Eugene T. Kemen, Kenosha, WI
Ombudsman's note: Many viewers, in writing about the Korean War, used the figure of roughly 54,000 dead service members. Many historians have used that number as well. But in 1993, the Pentagon changed its reporting procedures and said there were 33,686 battle deaths, 2,830 non-battle deaths, and 17,730 other Defense Dept. deaths worldwide during that period. A Pentagon news release on May 18, 2001, associated with events honoring the 50th anniversary of the war — which actually began with an invasion of South Korea by more than 90,000 North Korean troops on June 25, 1950 and ended with an armistice on July 27, 1953 — says that over 36,000 Americans were killed, more than 103,000 wounded, over 7,000 became prisoners of war, and the remains of 8,000 dead have not yet been recovered.
A Different Kind of Tribute
Last night, Memorial Day evening 2006, I tuned into American Experience — it was a fine show, but it was completely inappropriate to show on Memorial Day. The program was critical of the Vietnam War, which is fine on any day other than Memorial Day. Can't you folks give people one day to mourn the war dead without bringing in the complexities and reality of war??? After this, I understand why so many are critical of PBS and encouraging their representatives cut funding to PBS.
I find it quite amazing how PBS can pervert and distort the meaning of a simple national holiday to honor our veterans.
The holiday is meant for us to take a small break and remember those that served and lived — and those that served and died — for our freedoms. Then, we should be thankful for the opportunity they have given us, and look forward to seize the opportunities before us that were bought by their service.
It should be a solemn, yet hopeful day.
But instead, your network chose to perform your usual America-bashing through an in-depth review of the Madison WI student protests, battle failures in Vietnam, and the veteran bonus protests — all issues long ago resolved. It was a depiction of our holiday more resembling one of Cuban propaganda, but not one from a US network that, unfortunately, gets some of my wages to feed it to me.
Brian Bullington, Larenceburg, TN
I thought on Memorial Day I could turn on PBS and watch some shows celebrating our veterans. What I saw were anti-war shows of the Vietnam War. This was disappointing.
Michael Hanika, Enterprise, AL
I condemn your station and all involved with showing and glorifying a damn "so called documentary" of a bunch of draft dodging low life idiots on the day of memorial to our brave men fallen in battle for this country. Maybe they fought for the rights of men all over the world to speak freely, but be damn those that attempt to place them in dishonor as this show does.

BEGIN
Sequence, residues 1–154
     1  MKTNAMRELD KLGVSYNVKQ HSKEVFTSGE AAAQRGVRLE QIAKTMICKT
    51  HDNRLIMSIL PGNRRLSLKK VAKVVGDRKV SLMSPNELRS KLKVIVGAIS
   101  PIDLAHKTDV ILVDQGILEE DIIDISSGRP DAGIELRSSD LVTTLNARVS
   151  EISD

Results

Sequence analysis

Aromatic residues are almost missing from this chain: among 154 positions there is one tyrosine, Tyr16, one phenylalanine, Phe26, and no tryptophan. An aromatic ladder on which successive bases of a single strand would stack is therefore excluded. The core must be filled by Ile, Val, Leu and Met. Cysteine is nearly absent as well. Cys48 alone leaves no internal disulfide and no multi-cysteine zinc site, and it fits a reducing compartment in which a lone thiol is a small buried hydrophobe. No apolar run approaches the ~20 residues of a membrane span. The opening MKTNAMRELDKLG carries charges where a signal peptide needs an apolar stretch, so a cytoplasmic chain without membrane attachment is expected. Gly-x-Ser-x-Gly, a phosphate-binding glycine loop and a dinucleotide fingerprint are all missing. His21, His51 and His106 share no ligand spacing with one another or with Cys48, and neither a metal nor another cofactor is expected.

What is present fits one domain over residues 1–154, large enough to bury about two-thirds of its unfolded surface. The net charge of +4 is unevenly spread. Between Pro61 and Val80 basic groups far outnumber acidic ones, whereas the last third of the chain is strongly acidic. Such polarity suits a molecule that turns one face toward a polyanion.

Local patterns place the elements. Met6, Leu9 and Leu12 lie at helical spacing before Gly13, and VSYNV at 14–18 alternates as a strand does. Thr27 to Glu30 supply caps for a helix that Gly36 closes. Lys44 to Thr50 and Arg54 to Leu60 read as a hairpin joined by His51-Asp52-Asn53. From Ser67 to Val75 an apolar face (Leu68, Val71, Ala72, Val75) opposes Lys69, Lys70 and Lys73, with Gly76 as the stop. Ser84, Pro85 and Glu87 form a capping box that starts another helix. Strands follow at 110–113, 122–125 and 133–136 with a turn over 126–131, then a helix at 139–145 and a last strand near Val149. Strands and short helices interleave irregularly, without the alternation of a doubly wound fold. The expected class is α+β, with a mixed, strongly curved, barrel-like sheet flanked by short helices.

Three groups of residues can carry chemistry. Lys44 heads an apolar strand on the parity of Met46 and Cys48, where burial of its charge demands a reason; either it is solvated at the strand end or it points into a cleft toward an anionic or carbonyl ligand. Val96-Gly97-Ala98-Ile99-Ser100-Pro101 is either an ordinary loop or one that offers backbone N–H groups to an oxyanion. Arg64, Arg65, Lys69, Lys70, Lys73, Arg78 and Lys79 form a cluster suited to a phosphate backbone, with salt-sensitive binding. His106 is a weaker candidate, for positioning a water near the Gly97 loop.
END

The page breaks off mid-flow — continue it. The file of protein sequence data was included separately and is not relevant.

Bill Jones, Little Rock, AR
I just viewed on the Wisconsin channel (21), the "Memorial Day" special. It spoke of the riots on the Madison campus, along with both sides of "Viet Nam War." I was in Viet Nam (1st/46 196th), and was also a college student prior to my being drafted into the Army . . .
The people that protested at the Madison Campus and Kent State were not willing to fight for the freedoms that allowed them to attend college and live in a free country. We have the right to religious choice, while today some people would like to rewrite all our inspirational countries songs and even take God out of our vocabulary. Again we are today (2006) finding the same elements trying to tear apart the support for our troops over seas. Can you truly hear the young men over there? They want to make a mark that will stand for all generations to witness. They take pride in their duty to country. There is a price that must be paid by some, and the ones that are not called upon, need to show respect. We could see the battle grounds shifted to our own home land if we don't show that we value "Freedom!" After all, "9/11," was the real thing!!!!
Dennis Braun, Rockford, IL
No Mood for a Picnic
Just watched the Memorial Day concert. It would have appropriately ended with Taps (I realize PBS may not have planned the event). However, whether intentional or not, the conjunction of the Memorial Day commemoration with the immediately following Congressional Picnic on the White House lawn was a trenchant comment. I hope the scheduling was planned to highlight the incongruity.
I want you to know incensed over the scheduling of programming on Memorial Day. As is my custom, I watched the live Memorial Day program from The Capitol. The stories regarding the great sacrifices of our military personnel and their families resulted in my tears throughout the entire program. To my shock, this was immediately followed by The Congressional Picnic. There was The President and The Congress, who were partially responsible for much of the misery portrayed on the previous program, having a gay old time, frolicking and gorging themselves on gourmet food. It was disgusting!
At first, I was mad at The President. But then I realized it wasn't his fault. The program was pre-recorded. I don't know when the picnic was held. Shame, shame on PBS for such callousness. I can't imagine how the families who have lost loved ones felt about the picnic program.
Phil Hooks, Finksburg, MD